Friday, October 5, 2007

What about the roads and the power lines, dudes?

With a few days to go before the election, I've noticed the one issue that seemed to dominate the discussion was education. Of course that's important; but in the Canadian federation provinces are much more than the "glorified municipalities" that was once spoken of dismissively by John A. Macdonald. So tonight I wanted to talk about two issues that seem to have gotten little notice; and what I hope to see no matter who comes out on top this Wednesday: Transportation and power.

On roads, I think there has been way too little discussion, and that's a big problem. Our roads here in Southern Ontario are way too clogged with commutes taking longer and longer (no surprise there); while up North they are appalling substandards and with no easy backups. Just witness the collapse of the Langford Bridge on Highway 11 a few years back and the chaos that caused -- with no alternate route between Timmins and North Bay, people and in particular truckers had to take a huge detour via 69 or 17 and 144 via Sudbury. Sure, the population is sparse; but surely people up North have the right to at least four lane divided highways if not a fully access-controlled road. 69 is slowly being twinned and will eventually become the 400 all the way from Parry Sound to Sudbury; while the 11 is on track to being doubled as well. Both -- by 2017.

But that leaves the 17 and the rest of 11, which for most of their lengths are a very dangerous two lane roads -- and our portions of the Trans-Canada; which has been twinned pretty much across the Prairies and half of BC, as well through Québec and the Maritimes. Why should Ontario be any different? And why should the North be made to suffer at the expense of us Southerners? I'd like to see the projects fast-tracked; on a design-build basis rather than tendering bits and pieces at a time.

As for us in the South -- pretty simple: Fast track HOV lanes and public transit projects. And get it done fast. Commuting downtown is bad enough; imagine those who have to drive for a living.

On power ... the old Ontario Hydro model seems so much better in hindsight. Publicly owned, from production through tranmission and delivery. The problem started in the 1990s when power rates were frozen. They really shouldn't have been. Someone was subsizing the system and we all know what happened. Deregulation hasn't been the disaster as it was in California; but it wasn't pleasant either. And we're still paying rates well below market.

Certainly, lower income people need help but I'm going to say two very unpopular things here: We need the monopoly back and we need to start paying the true cost of electricity. Not one basis point more or less.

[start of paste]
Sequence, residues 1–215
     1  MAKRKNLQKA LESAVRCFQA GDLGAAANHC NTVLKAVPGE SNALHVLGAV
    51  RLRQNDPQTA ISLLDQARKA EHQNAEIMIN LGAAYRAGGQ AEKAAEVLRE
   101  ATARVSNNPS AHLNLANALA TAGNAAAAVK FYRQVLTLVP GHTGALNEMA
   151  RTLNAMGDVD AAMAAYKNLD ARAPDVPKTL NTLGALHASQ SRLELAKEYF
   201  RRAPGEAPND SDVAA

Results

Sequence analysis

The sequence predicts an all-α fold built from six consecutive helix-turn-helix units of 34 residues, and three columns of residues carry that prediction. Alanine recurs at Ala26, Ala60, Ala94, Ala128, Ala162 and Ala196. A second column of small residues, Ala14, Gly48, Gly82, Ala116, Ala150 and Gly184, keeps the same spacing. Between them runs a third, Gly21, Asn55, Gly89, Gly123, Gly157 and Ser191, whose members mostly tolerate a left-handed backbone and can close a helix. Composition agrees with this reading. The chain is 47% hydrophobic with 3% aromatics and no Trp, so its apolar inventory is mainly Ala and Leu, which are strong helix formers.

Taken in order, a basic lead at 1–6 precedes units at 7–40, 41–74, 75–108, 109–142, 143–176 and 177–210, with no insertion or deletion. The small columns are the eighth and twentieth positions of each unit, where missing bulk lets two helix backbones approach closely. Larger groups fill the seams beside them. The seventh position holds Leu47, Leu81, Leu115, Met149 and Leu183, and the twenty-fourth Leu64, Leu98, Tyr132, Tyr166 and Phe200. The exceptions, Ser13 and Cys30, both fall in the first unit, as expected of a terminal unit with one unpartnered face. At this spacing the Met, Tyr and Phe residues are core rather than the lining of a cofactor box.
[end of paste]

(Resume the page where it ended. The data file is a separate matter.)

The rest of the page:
We also need to be a net exporter of power again. That's exporter, not importer. We shouldn't have to beg Manitoba, Québec or the neighbouring US states for their electricity unless it's absolutely necessary; and even then only to cover gaps of a couple of hours at most. Too, we need to take a look at the full basket of options available; and while I reckon clean coal and nuclear will be part of the final package they should be what comes at the end, not at the front.

I haven't heard too much from the main parties on this. Why?

More in the coming days and what I wished had been the issues but weren't.

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1 comment:

The Mound of Sound said...

The reason it's all been education, education, education is that John Tory chose to stick his neck out on it far enough for your beleaguered premier to conveniently chop it off. It lets Dalton skirt a lot of other issues and marginalizes the NDP in the process. Hard to imagine any pol who wants to remain in power not pouncing on that perfectly safe opportunity.

Even out here on the offshore left coast we get the odd whiff of fear from the Tory ranks, the sort of smell exuded by a careless camper stalked by a cougar. To his lasting regret, John Tory defined the election debate by his foolishness. Hard to say whether it was just the hubris that so often besets the pampered or sheer, rank stupidity but the electoral debate in Ontario has been set by the guy who stands most to lose. C'est la guerre!